2001 4th Ave
Seattle WA 98121
Where Tom Douglas Started It All
By: Robin P
Nestled between Belltown and Downtown, the Dahlia Lounge is warm and vibrant, featuring a beautiful interior and an ostensibly Asian style. Lanterns, dark wood, modern artwork, red walls all greet you as you make your way inside.
As one of the five Tom Douglas restaurants in town, Dahlia Lounge seems to take cues from several types of cuisine, but all are reinterpreted to create something truly original. The varied menu, with about half a dozen starters and entres each, changes daily. It is great to see fresh, in-season ingredients used, but it also had a downside--on the day we visited, two of the dishes our party of four ordered were not available.
However, the dishes we did get were for the most part quite good and featured impressive chef skill. My asparagus sandwich was neither slimy nor crunchy, but perfectly enjoyable; Grant's ribs were grilled to just the right degree, retaining their tenderness and flavor. Several dishes brought novel combinations of flavors together, yet they all worked well.
As befits an upscale venue, service was very prompt and professional. Our server was attentive and on top of everything, and especially helpful in steering us toward alternate dishes when a couple of first choices were unavailable.
I would recommend Dahlia Lounge for business lunches, dates, or any nice meal out, when you feel like paying a premium for polished interiors and a celebrity chef-created menu.
I'm not a big fan of Tom Douglas restaurants. Every time I walk into one it just seems like a big promotion of Tom Douglas related items such as cookbooks and so forth. I've been to Etta's and Serious Pie, and neither really impressed me, so when we decided to go to Dahlia Lounge I had some reservations about how great the experience would be. Surprisingly, they did a fantastic job.
The House cured Kurobota Ham Sandwich ($13.00) was quite the treat. At first glance, the bread looked really tough and crunchy but once I sunk my teeth into the bread, it turned out to be quite soft and fluffy. Kurobota ham is considered by many to be the Kobe beef of pork, but sadly I didn't taste much of it as it took a back seat to the gruyre cheese and dijonaise sauce. I'm not saying it was a bad sandwich--it was one of the best I've had--but the main ingredient seemed to take a back seat to the fresh bread and condiments. I definitely recommend it, but I would have preferred a cheese that isn't so overpowering that it mutes the flavor of the ham.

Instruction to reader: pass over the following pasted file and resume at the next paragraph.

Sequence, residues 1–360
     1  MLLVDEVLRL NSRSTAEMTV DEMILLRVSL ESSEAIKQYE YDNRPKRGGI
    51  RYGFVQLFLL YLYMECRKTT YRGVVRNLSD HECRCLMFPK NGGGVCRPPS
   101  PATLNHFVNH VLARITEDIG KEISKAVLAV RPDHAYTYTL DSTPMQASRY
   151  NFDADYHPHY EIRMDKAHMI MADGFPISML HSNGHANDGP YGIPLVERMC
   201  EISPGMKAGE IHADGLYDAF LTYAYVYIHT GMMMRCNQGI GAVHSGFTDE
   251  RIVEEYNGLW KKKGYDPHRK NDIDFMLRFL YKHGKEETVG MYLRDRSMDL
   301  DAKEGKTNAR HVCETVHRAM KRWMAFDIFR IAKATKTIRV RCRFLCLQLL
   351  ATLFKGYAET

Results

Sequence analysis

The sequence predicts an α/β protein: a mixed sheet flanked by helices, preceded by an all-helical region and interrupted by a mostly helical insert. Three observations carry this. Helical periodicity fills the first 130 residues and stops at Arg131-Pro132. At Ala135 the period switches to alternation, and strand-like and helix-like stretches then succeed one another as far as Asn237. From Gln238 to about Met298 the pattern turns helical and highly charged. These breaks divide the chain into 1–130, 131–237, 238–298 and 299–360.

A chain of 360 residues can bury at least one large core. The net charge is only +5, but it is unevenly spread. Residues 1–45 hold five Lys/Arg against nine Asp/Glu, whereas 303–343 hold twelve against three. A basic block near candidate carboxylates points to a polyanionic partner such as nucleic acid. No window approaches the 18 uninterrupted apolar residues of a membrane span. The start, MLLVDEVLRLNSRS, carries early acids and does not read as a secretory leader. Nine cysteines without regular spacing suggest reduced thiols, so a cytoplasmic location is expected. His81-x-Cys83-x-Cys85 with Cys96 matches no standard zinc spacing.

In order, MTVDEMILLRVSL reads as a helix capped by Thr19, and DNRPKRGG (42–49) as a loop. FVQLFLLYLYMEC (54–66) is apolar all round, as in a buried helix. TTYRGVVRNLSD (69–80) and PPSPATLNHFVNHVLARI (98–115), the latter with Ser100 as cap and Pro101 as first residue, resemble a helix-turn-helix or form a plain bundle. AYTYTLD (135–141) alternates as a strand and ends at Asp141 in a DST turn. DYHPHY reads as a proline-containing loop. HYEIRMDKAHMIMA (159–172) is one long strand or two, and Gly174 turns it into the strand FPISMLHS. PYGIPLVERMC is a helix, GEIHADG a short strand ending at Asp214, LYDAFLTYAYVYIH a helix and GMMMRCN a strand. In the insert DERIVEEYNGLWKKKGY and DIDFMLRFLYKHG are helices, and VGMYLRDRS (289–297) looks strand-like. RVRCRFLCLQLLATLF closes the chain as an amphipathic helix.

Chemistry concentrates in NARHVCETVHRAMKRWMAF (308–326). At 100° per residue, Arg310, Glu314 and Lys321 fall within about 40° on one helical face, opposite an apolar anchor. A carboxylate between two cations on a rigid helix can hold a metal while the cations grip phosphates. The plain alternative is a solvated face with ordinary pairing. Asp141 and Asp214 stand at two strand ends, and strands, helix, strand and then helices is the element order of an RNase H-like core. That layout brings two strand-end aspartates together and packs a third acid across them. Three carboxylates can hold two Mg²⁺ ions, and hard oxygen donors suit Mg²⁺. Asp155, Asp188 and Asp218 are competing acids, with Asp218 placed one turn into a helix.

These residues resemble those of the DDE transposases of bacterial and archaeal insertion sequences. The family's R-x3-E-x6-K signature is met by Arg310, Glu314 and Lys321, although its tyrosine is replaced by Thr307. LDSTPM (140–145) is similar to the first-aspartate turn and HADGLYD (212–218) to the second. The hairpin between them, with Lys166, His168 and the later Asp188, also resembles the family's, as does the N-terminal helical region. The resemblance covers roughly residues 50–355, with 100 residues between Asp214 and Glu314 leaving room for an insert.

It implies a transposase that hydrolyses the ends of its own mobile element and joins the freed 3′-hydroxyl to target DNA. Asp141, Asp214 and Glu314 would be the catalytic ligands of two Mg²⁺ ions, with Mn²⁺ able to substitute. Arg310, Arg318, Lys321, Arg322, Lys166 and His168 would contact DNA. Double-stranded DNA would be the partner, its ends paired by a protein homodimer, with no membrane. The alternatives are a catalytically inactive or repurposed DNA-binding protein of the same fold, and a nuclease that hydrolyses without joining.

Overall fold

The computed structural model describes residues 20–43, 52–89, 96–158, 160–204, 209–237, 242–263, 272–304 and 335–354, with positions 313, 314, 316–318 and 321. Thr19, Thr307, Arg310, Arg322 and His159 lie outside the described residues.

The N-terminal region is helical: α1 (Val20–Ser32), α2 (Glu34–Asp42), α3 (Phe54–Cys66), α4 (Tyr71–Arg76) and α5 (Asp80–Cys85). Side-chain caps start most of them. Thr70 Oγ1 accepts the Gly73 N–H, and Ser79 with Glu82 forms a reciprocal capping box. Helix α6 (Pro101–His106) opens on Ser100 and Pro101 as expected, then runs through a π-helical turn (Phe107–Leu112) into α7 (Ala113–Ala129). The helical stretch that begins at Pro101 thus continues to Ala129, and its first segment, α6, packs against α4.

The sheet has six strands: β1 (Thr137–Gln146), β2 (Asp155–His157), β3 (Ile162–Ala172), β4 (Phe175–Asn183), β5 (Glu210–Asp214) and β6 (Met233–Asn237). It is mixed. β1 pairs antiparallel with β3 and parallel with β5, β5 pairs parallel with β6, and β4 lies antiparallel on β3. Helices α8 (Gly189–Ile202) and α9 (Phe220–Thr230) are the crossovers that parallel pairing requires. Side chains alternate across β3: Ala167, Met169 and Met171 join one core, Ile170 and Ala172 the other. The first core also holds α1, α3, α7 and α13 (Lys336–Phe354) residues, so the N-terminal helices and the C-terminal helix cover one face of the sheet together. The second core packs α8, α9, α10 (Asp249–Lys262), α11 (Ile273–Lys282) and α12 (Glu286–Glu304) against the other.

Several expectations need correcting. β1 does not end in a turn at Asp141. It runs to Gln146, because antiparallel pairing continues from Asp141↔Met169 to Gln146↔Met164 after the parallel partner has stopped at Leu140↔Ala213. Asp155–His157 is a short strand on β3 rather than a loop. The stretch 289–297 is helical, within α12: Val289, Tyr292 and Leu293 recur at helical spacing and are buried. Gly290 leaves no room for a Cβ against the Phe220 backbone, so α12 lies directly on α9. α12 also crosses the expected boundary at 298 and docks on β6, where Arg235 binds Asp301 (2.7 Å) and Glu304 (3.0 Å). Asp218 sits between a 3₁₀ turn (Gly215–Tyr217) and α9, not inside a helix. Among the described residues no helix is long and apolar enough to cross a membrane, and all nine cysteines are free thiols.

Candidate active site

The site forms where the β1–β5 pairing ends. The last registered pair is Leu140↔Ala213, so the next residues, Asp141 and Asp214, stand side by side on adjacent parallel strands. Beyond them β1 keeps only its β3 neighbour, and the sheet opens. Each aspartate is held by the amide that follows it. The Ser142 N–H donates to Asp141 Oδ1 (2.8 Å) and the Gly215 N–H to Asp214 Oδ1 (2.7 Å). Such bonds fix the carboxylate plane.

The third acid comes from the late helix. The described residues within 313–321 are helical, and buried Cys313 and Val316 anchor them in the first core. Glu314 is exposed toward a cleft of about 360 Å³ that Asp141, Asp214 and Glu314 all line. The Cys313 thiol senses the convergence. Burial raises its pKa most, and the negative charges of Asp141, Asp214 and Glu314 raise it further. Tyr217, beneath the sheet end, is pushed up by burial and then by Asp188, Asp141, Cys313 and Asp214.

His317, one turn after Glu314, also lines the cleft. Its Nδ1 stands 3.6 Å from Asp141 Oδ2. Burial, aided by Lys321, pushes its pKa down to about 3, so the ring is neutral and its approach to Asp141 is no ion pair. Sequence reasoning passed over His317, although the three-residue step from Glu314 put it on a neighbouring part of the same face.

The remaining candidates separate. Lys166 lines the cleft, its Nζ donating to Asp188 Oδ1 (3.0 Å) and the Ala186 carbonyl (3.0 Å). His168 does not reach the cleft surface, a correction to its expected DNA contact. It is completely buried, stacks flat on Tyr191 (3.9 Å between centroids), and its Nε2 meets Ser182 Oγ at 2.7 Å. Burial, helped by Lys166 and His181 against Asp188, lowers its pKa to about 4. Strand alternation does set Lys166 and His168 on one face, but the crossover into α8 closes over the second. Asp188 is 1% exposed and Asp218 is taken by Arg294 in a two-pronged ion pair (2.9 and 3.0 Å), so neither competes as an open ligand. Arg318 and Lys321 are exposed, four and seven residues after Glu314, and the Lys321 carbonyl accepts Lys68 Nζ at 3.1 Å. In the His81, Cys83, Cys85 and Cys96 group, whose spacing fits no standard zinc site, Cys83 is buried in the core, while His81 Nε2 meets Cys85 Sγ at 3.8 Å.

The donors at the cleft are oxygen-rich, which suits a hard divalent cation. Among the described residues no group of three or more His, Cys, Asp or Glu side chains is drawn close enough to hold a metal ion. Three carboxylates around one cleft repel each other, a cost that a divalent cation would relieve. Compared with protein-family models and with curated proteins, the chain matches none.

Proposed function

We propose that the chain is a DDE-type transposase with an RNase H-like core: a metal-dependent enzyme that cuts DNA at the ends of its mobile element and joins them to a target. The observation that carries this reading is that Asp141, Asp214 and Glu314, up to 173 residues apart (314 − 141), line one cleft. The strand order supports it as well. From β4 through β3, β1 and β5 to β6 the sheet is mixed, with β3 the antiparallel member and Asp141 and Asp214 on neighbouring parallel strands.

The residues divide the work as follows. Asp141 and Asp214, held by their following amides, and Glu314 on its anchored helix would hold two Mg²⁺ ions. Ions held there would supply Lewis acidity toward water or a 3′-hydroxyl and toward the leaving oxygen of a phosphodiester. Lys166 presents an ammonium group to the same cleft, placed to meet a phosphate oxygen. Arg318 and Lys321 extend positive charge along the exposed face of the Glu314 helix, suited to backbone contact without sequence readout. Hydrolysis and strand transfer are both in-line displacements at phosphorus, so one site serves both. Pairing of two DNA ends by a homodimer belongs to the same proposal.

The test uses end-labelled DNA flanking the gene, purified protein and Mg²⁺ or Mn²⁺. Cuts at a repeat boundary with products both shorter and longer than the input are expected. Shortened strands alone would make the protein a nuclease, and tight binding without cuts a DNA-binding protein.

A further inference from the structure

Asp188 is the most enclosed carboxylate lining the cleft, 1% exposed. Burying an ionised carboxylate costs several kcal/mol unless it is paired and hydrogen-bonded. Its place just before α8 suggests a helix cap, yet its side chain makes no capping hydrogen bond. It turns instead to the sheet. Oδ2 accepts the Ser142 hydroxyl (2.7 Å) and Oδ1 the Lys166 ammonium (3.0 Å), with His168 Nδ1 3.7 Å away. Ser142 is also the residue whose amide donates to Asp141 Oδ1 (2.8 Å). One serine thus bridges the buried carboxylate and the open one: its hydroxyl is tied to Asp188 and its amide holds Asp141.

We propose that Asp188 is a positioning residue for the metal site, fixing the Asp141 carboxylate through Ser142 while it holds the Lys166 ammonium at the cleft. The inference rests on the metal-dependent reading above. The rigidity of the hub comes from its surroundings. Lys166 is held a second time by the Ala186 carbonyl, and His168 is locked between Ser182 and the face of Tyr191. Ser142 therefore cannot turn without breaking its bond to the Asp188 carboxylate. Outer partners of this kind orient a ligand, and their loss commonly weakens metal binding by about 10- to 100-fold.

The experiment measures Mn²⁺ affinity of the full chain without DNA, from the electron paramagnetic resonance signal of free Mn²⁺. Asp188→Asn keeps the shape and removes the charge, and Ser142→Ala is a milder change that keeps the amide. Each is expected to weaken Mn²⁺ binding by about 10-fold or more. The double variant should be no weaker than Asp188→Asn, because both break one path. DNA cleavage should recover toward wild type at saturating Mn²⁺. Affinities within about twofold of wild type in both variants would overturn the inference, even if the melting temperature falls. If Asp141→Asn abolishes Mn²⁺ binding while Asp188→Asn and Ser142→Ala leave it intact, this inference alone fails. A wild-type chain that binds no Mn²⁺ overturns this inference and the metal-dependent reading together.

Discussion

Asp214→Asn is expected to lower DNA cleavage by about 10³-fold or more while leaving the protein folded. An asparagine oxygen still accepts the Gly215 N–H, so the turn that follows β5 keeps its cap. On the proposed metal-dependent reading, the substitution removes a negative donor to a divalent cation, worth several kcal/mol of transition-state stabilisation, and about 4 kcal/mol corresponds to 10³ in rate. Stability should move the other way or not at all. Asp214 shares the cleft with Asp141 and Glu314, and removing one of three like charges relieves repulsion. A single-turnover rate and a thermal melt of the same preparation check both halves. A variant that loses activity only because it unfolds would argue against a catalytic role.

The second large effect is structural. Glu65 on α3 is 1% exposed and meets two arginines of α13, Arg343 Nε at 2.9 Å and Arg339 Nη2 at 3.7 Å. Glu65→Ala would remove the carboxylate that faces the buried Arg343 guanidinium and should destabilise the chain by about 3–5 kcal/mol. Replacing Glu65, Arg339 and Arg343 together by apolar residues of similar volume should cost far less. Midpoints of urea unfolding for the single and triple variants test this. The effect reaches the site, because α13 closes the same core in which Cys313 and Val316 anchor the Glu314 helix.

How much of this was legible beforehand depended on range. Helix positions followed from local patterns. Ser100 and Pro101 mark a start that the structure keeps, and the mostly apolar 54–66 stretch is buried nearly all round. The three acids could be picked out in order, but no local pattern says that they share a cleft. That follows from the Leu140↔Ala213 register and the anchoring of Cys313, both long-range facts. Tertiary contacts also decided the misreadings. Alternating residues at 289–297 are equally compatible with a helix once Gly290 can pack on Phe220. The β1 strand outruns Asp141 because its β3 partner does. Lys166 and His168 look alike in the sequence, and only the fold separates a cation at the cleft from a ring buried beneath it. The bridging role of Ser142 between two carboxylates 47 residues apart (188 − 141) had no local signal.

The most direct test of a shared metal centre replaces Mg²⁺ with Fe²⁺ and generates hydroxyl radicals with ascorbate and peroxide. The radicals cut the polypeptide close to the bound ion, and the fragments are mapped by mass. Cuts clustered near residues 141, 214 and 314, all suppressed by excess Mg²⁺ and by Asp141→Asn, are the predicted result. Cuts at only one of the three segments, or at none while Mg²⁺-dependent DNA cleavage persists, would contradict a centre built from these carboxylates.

The Creamy Tomato Soup (cup $6.00/bowl $8.00) was a tasty starter that had a tomato-y flavor without being too acidic. Pured soups are often blended into uniformity, but this one still retained some texture, which I found I liked quite a bit.
I was pleasantly surprised with my vegetarian sandwich--tired of bland veggie burgers and hummus plates, I was delighted to be able to try a meatless dish that was truly original. The inspired Grilled Asparagus Sandwich combined some normally powerful flavors (asparagus, arugula, and green onion) into a perfectly balanced, delicious dish.
The Coconut Cream Pie ($9.00) was a delightful way to end the meal. Sweet but not too sweet, and with both raw grated and toasted coconut, this was a superbly made dessert. It was refreshing to try a dessert with an array of flavors, not simply sugary-sweet.
My initial choice off the menu was the enticing handmade papparadelle with rabbit ragu, but the server apologetically informed us that the kitchen was all out for the day. Since Robin and Steve both opted for sandwiches (which comprise most of the lunch menu, along with salads), I decided to ride the Asian-inspired theme of Dahlia Lounge and try the Korean Spare Ribs ($13.00).
"Tom Douglas" and "Korean cooking" are phrases that I never imagined pairing, but now I'm able to add "surprisingly good" to make it a trio. The short ribs were tender, perfectly grilled and treated with a not-too-sweet marinade. Long slivers of vinegar-soaked julienned cucumbers gave the meat a tart compliment, while providing a crisp and fun noodle-like texture to the dish. Even the rice was cooked using short grains, showing that Dahlia Lounge paid commendable attention to detail. Of course, it wouldn't have been a true Korean dish without kim chee, which was short on the heat but measured up well on the pickling.
Lastly, I had the pleasure of sharing the coconut cream pie with Robin and was afforded the firsthand opportunity to experience the renowned Tom Douglas coconut pie. The filling had a custard texture, delivering the intoxicating flavors of creamy banana, silken white chocolate, and coconut slivers. I didn't care much for the crust, which required some hefty fork work to break apart, but did appreciate the airy frosting, which didn't require a post-meal insulin shot.